Plzeňské sympozia

Dagmar Mocná

Neruda’s Trhani (“Paupers”). From Social Appeal to existential Message

pp. 125–135 (Czech), Summary p. 136 (English)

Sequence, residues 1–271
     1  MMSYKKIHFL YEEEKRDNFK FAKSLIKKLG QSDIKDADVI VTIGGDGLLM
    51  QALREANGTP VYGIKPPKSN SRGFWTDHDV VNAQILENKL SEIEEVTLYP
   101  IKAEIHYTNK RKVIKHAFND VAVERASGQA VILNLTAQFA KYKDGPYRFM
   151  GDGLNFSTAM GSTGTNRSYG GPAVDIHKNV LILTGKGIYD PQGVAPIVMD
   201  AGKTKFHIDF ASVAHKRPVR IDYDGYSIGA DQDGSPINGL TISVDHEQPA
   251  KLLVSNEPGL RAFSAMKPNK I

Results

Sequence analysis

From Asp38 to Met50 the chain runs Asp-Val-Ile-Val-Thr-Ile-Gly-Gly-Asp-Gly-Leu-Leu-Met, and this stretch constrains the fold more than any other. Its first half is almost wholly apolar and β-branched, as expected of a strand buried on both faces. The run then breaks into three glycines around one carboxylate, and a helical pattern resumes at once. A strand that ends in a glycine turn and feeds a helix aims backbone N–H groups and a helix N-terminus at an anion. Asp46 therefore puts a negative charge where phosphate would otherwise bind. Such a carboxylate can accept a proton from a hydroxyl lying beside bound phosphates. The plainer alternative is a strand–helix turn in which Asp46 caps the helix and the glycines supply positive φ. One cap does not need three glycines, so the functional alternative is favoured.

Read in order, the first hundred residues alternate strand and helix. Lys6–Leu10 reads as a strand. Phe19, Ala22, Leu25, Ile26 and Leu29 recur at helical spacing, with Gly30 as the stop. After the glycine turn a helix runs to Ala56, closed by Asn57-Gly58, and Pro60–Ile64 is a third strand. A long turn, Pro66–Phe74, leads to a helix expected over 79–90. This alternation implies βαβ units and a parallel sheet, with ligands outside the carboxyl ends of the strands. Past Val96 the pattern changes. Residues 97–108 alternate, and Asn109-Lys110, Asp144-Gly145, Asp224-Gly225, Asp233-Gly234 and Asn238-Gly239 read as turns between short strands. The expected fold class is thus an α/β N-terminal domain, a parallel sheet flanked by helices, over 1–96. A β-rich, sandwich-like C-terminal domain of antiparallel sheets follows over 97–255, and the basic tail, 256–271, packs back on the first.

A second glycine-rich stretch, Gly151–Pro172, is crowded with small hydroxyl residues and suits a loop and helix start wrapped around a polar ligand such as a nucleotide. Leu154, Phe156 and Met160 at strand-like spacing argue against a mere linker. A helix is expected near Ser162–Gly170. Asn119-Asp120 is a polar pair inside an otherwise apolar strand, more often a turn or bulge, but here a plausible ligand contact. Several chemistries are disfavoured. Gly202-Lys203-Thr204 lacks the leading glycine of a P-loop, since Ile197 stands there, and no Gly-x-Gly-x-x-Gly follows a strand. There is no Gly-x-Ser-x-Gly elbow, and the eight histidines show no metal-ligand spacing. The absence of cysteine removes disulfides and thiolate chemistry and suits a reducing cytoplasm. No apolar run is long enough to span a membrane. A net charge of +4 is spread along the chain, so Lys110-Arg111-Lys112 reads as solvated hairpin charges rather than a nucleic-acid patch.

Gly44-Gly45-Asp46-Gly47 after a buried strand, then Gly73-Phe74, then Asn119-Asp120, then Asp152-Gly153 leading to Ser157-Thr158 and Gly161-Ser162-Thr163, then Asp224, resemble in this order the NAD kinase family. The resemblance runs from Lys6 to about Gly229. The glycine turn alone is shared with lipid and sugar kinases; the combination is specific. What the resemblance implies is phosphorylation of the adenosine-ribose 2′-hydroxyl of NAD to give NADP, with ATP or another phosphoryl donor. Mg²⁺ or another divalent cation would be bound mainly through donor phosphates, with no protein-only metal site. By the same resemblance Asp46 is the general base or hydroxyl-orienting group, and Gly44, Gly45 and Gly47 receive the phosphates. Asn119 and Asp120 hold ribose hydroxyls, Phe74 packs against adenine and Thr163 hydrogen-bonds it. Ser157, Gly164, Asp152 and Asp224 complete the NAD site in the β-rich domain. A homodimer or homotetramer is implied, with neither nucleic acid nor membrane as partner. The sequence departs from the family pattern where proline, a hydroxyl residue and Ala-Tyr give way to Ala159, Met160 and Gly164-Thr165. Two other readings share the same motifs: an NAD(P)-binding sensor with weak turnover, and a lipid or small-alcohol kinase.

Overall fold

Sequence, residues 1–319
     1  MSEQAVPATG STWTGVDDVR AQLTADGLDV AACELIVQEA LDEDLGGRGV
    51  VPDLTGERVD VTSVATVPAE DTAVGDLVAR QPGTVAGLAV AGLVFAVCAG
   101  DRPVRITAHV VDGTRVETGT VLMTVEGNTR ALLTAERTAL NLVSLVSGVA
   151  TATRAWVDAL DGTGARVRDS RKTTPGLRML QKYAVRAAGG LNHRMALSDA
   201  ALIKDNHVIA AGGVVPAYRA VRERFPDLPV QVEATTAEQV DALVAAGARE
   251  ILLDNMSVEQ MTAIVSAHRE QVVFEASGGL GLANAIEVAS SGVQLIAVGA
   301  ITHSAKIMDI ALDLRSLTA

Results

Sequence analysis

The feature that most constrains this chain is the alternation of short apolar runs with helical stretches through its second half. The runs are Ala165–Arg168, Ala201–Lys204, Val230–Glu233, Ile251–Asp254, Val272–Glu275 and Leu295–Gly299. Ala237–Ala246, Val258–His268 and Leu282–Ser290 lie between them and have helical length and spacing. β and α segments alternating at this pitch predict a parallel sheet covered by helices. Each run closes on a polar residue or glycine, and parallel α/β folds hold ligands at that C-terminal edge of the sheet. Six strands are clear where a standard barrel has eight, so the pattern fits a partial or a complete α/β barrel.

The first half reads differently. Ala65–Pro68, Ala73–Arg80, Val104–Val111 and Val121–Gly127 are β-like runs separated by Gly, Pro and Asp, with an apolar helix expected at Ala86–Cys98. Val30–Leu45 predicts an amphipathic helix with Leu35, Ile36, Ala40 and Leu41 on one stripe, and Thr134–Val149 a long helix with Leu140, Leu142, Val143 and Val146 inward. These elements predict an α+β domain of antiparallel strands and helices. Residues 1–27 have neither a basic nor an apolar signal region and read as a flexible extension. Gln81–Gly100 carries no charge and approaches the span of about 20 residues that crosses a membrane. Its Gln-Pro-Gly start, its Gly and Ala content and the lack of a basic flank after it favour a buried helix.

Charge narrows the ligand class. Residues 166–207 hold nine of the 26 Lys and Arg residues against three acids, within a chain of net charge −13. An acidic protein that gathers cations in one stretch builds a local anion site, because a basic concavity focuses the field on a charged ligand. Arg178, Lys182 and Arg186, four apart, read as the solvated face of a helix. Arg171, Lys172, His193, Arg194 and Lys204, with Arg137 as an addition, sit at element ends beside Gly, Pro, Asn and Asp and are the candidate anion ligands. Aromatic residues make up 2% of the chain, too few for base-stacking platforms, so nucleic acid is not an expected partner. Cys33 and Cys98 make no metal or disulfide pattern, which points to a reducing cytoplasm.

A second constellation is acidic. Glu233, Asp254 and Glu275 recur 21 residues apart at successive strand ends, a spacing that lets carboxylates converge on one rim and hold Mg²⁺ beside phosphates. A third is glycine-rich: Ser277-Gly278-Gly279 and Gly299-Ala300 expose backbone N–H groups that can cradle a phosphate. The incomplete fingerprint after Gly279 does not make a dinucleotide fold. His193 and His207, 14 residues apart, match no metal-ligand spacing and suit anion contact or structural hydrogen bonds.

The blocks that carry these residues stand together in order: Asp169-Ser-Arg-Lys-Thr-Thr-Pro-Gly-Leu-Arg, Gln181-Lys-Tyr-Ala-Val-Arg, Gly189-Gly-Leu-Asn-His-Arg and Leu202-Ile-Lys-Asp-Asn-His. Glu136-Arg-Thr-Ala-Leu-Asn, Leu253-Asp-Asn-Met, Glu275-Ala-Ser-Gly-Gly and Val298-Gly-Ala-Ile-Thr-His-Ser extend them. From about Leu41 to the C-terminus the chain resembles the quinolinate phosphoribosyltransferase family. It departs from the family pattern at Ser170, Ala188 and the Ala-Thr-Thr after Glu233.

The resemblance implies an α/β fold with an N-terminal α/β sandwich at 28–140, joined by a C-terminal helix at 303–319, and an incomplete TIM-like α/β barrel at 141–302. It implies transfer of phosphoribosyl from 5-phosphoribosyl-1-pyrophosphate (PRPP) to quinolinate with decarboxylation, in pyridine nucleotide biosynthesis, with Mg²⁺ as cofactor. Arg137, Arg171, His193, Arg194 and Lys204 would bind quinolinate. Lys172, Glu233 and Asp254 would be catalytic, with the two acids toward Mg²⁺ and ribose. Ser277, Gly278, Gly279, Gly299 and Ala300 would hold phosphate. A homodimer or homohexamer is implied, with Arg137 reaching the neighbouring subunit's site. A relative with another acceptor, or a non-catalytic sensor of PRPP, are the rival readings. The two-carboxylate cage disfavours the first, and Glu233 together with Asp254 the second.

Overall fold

This paper aims at a revision of the traditional assessment of Jan Neruda as an author focusing on purely and unreservedly social themes, a school of thought promulgated most notably by Marxist scholars. In the introductory part, it points to the fact that concern with social issues was not specific for Neruda alone, but was much rather typical for the majority of his contemporaries (and represented in his case, as in theirs, merely one, albeit not insubstantial element of a more extensive and thematically varied production). Whereas his output of epic verse, traditionally regarded by his interpreters as the crux of Neruda’s socially oriented work, does not markedly differ, in terms of choice of characteristic subjects, from the standard literary production of the period, in the collection of lyrical verse Hřbitovní kvítí (“Churchyard Flowers”) the problem of social inequality is treated with a substantially greater degree of originality and artistic power, qualities for which it can be regarded as the key vehicle of Neruda’s contribution to the establishment of the social question as a relevant subject in Czech literature. To demonstrate the polarity of opulence and want, Neruda chose the unlikely setting of the churchyard, a venue identified by the common wisdom rather with the idea of levelling out of all differences; instead of narrowing the problem of penury down to its elementary attributes such as hunger or inadequate clothing, he laid emphasis on its being instrumental in social stigmatization and loss of human dignity. Neruda felt a lifelong inclination towards a deeper insight into the social question. He turned with irony against the sentimental clichés that had accumulated around this subject matter, and for his part chose to correlate social aspects of human existence with others, including primarily that of human relations at large. This is already obviously present in one of his early poems, Dědova mísa (“Grandfather’s Bowl”), traditionally and wrongly decoded as a social ballad. Towards the late 1860s, his focus on the more general aspects of the human condition (along with nationally oriented themes) became central to his work. This was also manifest in his reassessment of approach to such emblematic motifs of socially oriented fiction as were the characters of the beggar (in the short story Přivedla žebráka na mizinu/“She Busted a Beggar”), or the poor artist (Figurky/“Grotesque Figures”).

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